Accuracy in surgery and direct treatment into the brain is of utmost importance, because in the brain, displacement of tissue by even one or two millimeters can influence the effectiveness of treatment. Medical imaging has always been critical in treating the brain, and interventional radiology is allowing better accuracy of medical imaging of the brain than ever. Specialists like SteleRAD’s Nicholas Arfaras, MD are able to use neuroradiology to target drug delivery and surgical procedures with outstanding accuracy.
Additionally, biomedical engineering specialists are developing new ways to use medical imaging in treatment of the brain that allows neurosurgeons and other specialists to minimize the effects of slight shifts in brain tissue during procedures. With new applications for medical imaging techniques like MRI, specialists will be able to better track, for example, where drugs for brain cancer are delivered. Techniques under development by Walter Block, professor of biomedical engineering at the University of Wisconsin, allow MRI guidance with accuracy to less than one millimeter, compared to best-case accuracy of 1.5 to 2 millimeters for conventional stereotactic guidance systems.
Removal of Osteoid Osteoma With No Incision
Imagine being able to remove a tumor from a bone with no incision at all. That’s what doctors in Toronto were able to do for a 16-year-old boy with a benign tumor on his femur. Using MRI-guided ultrasound, doctors were able to destroy the tumor, called an osteoid osteoma, with heat-destroying ultrasound in a completely noninvasive procedure. Doctors now hope to be able to expand the technology to treat different types of benign and malignant tumors. The boy who received the treatment, after having suffered severe leg pain for nearly a year, said that when he woke up from the procedure, the pain had been eliminated: “It felt like somebody flipped a switch, and it was gone.”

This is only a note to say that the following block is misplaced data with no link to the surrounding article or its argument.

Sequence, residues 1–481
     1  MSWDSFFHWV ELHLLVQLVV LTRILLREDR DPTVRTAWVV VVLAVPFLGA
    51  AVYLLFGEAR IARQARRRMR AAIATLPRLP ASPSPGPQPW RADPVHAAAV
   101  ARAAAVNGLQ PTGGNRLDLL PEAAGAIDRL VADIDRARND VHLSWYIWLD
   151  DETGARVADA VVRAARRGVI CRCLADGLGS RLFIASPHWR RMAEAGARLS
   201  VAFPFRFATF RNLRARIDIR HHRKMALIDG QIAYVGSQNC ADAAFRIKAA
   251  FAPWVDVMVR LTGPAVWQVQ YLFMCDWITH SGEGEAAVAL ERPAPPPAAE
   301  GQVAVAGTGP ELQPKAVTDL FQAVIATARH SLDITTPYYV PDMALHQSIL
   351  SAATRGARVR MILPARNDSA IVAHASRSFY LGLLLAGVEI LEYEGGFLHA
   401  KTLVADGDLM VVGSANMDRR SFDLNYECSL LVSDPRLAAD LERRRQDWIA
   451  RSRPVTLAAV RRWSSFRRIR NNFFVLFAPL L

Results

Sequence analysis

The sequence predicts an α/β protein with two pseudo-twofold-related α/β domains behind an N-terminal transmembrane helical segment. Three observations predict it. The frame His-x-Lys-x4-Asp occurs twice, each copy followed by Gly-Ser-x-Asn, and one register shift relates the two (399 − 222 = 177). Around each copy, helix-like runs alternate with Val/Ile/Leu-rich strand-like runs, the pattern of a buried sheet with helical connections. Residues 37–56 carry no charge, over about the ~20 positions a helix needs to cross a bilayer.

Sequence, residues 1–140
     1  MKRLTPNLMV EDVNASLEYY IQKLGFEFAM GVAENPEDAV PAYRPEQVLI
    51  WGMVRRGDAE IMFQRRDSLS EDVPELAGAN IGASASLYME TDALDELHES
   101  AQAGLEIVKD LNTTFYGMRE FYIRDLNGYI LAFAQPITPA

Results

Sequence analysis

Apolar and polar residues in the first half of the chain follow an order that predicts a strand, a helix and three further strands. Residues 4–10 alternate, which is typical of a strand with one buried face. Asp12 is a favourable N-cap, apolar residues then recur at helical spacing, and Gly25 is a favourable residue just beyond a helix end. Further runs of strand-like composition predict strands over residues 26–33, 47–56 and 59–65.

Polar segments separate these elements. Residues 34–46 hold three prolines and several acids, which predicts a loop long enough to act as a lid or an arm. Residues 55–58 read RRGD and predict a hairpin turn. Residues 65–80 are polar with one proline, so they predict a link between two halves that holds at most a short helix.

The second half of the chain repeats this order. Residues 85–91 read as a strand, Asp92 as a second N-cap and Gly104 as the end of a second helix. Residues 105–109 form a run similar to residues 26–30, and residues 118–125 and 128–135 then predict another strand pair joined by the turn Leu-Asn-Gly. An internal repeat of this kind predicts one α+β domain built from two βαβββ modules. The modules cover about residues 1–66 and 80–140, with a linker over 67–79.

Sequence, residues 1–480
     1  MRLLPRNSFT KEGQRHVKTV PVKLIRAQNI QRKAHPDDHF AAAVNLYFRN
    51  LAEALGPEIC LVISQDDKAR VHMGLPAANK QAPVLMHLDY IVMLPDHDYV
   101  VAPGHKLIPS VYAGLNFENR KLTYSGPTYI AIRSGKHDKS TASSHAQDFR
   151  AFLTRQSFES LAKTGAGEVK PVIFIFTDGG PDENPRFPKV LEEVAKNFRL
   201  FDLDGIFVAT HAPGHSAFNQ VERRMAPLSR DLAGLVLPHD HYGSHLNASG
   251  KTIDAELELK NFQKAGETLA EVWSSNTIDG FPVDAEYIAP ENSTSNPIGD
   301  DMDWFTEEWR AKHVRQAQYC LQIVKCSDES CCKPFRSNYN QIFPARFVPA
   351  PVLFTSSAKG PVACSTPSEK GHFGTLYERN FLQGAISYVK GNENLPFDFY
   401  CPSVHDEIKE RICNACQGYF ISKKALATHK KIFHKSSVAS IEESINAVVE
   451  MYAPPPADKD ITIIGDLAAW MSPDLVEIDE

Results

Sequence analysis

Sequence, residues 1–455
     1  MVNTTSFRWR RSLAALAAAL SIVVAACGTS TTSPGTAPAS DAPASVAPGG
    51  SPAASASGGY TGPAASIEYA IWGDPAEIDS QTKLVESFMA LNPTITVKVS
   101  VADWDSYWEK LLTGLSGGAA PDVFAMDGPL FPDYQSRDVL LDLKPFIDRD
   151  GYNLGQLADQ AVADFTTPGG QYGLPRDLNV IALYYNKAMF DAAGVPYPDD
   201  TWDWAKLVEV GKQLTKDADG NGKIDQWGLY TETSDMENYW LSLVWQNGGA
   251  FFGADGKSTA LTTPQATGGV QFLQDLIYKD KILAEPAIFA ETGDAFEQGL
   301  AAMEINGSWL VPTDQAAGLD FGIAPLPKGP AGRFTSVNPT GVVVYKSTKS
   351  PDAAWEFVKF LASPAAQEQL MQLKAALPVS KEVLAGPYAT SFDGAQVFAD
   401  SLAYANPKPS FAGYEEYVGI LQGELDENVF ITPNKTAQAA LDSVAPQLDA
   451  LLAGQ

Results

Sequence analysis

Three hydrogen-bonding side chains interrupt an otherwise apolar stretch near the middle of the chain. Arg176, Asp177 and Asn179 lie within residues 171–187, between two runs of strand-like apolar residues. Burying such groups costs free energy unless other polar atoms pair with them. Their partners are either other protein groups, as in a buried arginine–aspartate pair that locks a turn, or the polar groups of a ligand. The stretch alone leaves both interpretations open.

Treating Peripheral Vascular Disease with Interventional Radiology
Peripheral vascular disease is narrowing of the peripheral arteries, often in the legs, and is similar to coronary artery disease. It is caused by narrowing and blocking of arteries, and can sometimes be managed through lifestyle changes and medication. However, when these treatments are insufficient, doctors had to turn to surgery in the past. However, interventional radiology, as practiced by vascular interventional radiology specialists like SteleRAD’s Michael B. Gordon MD, PhD and David H. Ring, Jr., MD, is allowing for less invasive treatment of peripheral vascular disease. According to Radiology Today, noninvasive medical imaging is helping interventional radiologists to not only optimize pre-treatment planning for patients, but also actually treat peripheral vascular disease with minimally invasive endovascular therapies that reduce recovery times and may reduce overall healthcare costs.
Interventional radiology is a highly specialized field that is expanding the use of minimally invasive techniques in the treatment of a wide variety of conditions. The radiologists at SteleRAD have a long history of outstanding interventional radiology experience, and are ready to assist with interventional radiology procedures. SteleRAD’s specialists are fully committed to adapting the latest techniques for better diagnosis and treatment of their patients. To learn more about SteleRAD’s interventional radiology services, call SteleRAD at 954-358-5250 or contact us online.